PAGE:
Winter Issue 6
Of Plums and Coons
By Kirsten Tarves
Once upon a time, near the mountains in the far west, there was a town. The land there was very green and good for growing things, and it yielded a harvest both rich and bountiful every year, and remarkably delicious fruits were gathered from the orchards in the autumn.
Now this was a very long time ago indeed, long before there were many towns and many kingdoms, when the world was quite young still. Aubrey was still king of the elves and the other little folk on the Mountain, and there were many fewer humans than there were other creatures with minds and customs of their own.
Now it so happened that Aubrey fell in one day with a villager walking home to his village from the Big Market. That was several days’ journey away from the villages and the Mountain, and was held once a year in the town at summer’s end.
“Good day to you,” said Aubrey cordially, coming alongside the villager.
“Good day,” said the villager, wondering where this person had come from so suddenly, and who he might be. There were plenty of tales of Aubrey’s Folk in that part of the world: masters of disguise, one never knows when one is talking with one until, usually, one finds oneself in the midst of some mischief or other.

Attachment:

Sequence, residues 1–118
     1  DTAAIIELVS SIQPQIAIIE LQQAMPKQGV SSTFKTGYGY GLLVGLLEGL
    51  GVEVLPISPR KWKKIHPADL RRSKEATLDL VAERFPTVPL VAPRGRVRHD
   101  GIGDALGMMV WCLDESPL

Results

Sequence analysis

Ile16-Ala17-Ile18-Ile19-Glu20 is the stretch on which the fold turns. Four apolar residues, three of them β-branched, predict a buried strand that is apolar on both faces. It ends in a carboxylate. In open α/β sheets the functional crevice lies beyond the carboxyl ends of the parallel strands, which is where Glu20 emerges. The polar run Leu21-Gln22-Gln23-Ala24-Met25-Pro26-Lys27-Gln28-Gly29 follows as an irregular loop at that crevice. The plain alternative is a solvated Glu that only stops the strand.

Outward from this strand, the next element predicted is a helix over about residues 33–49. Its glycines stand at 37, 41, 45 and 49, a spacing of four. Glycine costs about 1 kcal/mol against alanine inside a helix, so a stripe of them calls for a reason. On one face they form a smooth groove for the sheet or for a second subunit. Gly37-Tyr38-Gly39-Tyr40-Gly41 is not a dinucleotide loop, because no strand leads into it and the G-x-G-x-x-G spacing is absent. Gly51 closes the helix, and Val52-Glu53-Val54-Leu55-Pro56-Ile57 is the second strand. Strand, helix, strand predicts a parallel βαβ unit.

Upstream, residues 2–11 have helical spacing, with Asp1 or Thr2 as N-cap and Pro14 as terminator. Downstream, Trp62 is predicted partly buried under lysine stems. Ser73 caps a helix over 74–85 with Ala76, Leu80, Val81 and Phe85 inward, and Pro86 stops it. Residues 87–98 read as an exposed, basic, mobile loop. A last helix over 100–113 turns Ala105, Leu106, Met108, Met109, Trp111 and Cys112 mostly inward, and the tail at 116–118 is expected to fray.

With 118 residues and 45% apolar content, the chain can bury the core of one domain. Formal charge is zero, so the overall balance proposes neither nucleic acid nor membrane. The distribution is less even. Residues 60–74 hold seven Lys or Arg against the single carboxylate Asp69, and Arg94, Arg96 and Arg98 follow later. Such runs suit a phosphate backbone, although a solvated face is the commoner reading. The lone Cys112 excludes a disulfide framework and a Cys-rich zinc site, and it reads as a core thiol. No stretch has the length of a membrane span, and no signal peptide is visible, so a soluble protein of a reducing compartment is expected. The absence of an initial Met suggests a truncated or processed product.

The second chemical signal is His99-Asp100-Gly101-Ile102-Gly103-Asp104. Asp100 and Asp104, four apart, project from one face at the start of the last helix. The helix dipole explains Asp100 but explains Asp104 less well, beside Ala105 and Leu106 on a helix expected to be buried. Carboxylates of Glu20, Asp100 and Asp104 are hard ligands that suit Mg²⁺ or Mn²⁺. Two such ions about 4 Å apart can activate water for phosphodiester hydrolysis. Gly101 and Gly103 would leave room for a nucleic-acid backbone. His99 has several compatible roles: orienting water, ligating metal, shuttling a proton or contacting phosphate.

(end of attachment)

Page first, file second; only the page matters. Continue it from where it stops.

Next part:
“Where might you be coming from?” asked Aubrey. And the villager, forgetting his fear, told Aubrey all about the Big Market, how enormous the prize fruits and vegetables were there, and how pretty the tents and town dances.
“I’d’ve stayed longer too, if only my Anna would’ve let me,” said the villager regretfully. “But the Plums there!” said he, smacking his lips. “Better than the wine of the Folk, and that’s no lie.”
“Are they really?” asked Aubrey, at first annoyed. But Aubrey was a sensible person, and instead of hexing the villager for a misspoken word as many other, less reasonable elvenkings would do, to himself he thought, “Well, perhaps they really are.” And bidding the surprised villager a sudden farewell, he set off immediately for the Mountain and called together the Folk under the great flat-leaved Witching Tree.